INEGI: Unemployment Grows in Seven EntitiesBy Cinthya Alaniz Salazar | Tue, 08/31/2021 - 10:25
A recent survey by the National Institute of Statistics and Geography (INEGI) revealed that unemployment rates ticked upwards in July across seven states, while an additional 17 entities reported fluctuations between 3-5 percent. Unsurprisingly, this data corresponds with the emergence of a third COVID-19 wave that was first acknowledged by Deputy Health Minister Hugo Lopez-Gatell on July 6.
Mexico City and Queretaro had the highest rates of unemployment last month; where of their economically active population, respectively, 7.48 percent and 6.53 percent were absent from the local workforce. Both of these economic centers are characterized by significant internal mobility, which has placed additional strain on the labor market. These states were followed up by the State of Mexico with 6.50 percent unemployment, Tabasco with 5.86 percent, Guanajuato with 5.53 percent and Tlaxcala with 5.34 percent.
Meanwhile, an additional 17 states exhibited employment instability, recording variations below 5 percent but above three percent: Sonora 4.68 percent, Aguascalientes 4.59, Durango 4.38, Tamaulipas 4.34, San Luis Potosi 4.30, Coahuila 4.28, Quintana Roo 4.14, Jalisco 4.08, Puebla 4.06, Hidalgo 4.05, Baja California Sur 3.86, Nuevo Leon 3.85, Zacatecas 3.63, Chiapas 3.62, Nayarit 3.59, Campeche 3.32, and Yucatan with 3 percent.
In comparison to July of last year, however, only seven states registered unemployment growth. Tourism dependent Yucatan saw the biggest increase of all states with 1.44 percentage points, followed by border state Tamaulipas with 0.84 points. The State of Mexico followed suit with 0.53 points, Chiapas and Mexico City with 0.32 points, Durango with 0.10 and Nayarit with 0.03.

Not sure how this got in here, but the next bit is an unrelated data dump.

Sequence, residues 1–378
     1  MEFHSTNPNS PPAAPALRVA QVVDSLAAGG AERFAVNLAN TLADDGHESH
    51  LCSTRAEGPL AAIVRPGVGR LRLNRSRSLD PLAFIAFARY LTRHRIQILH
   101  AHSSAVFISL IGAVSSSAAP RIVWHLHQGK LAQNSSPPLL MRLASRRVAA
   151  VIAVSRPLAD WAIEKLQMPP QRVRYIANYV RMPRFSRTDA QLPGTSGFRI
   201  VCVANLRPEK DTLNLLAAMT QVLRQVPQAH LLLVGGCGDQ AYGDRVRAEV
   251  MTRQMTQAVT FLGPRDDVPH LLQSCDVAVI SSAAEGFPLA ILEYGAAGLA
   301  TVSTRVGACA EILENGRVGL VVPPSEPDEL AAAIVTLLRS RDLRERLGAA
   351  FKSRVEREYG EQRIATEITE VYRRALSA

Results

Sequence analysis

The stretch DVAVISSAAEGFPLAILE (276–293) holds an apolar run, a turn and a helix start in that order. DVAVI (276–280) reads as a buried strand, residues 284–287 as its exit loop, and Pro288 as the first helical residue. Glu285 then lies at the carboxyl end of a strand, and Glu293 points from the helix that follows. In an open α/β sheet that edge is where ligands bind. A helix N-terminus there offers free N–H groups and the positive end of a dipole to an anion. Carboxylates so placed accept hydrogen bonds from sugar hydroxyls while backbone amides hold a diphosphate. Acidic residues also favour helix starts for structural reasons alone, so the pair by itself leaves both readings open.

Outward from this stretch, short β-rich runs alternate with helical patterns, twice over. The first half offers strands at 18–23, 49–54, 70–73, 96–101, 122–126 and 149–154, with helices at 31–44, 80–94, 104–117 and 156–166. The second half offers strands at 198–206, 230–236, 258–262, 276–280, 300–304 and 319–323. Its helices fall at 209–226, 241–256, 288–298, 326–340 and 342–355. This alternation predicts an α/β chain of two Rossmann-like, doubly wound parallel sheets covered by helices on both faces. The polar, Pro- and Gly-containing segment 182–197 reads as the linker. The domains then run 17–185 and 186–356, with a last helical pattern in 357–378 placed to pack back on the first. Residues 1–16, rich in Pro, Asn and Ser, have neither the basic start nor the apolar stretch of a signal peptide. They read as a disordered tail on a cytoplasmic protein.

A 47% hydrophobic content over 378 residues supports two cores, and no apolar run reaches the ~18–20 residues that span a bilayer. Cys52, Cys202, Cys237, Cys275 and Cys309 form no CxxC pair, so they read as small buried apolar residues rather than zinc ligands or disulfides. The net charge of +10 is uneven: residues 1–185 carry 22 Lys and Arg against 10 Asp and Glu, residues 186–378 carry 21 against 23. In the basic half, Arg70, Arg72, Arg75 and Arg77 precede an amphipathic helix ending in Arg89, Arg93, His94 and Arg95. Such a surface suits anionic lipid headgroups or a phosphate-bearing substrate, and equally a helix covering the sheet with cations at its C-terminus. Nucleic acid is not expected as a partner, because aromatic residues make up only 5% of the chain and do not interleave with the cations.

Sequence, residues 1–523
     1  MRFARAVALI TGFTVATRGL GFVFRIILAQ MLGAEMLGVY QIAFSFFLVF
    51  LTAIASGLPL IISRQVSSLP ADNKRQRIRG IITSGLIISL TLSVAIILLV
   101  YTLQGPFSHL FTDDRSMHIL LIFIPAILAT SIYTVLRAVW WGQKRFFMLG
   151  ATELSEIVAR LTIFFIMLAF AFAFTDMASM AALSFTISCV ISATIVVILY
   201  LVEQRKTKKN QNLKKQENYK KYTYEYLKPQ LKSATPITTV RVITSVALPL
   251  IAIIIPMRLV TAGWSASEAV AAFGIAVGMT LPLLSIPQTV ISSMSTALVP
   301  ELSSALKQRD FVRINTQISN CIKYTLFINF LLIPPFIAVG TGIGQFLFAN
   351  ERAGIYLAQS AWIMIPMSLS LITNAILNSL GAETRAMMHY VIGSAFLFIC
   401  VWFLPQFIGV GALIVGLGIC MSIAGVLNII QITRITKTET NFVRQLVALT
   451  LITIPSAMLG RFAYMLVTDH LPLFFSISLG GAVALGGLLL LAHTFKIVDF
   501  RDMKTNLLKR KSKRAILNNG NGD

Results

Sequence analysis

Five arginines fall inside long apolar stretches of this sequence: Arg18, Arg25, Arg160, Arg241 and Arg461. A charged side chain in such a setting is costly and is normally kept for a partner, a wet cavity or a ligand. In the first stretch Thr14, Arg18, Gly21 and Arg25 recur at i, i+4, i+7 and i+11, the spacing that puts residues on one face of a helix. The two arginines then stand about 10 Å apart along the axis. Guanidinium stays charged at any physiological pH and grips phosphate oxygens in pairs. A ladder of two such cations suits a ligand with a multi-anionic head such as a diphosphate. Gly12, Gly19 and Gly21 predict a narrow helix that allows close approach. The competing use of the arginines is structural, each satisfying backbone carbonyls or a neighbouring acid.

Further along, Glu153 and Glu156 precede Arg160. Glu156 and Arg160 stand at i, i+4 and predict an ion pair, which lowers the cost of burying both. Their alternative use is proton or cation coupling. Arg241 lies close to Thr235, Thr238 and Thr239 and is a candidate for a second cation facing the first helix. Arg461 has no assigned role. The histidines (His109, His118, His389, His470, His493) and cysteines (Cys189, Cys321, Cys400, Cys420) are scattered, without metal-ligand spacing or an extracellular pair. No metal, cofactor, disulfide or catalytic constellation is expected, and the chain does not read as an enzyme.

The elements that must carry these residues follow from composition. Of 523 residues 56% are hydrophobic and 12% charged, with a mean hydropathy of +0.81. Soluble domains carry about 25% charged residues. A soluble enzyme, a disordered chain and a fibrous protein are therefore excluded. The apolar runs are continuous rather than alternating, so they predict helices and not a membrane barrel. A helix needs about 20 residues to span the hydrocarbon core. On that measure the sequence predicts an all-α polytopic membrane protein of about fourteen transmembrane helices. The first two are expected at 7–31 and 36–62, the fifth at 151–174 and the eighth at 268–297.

In contrast, the states with the lowest unemployment rates where: Guerrero with 1.66 percent, Oaxaca 1.87, Colima 2.06, Michoacan 2.33, Morelos 2.41, Baja California 2.59, Chihuahua 2.73, Sinaloa 2.84, and Veracruz with 2.95 percent.
Nonetheless, according to a publication in the FRBSF Economic Letter, a ‘normal’ unemployment rate usually stands at around 5 percent and given new market conditions this figure may have risen as high as 6.7 percent. In light of this perspective, the numbers reported by INEGI may be considered normal in the exceptional circumstances brought on by the pandemic.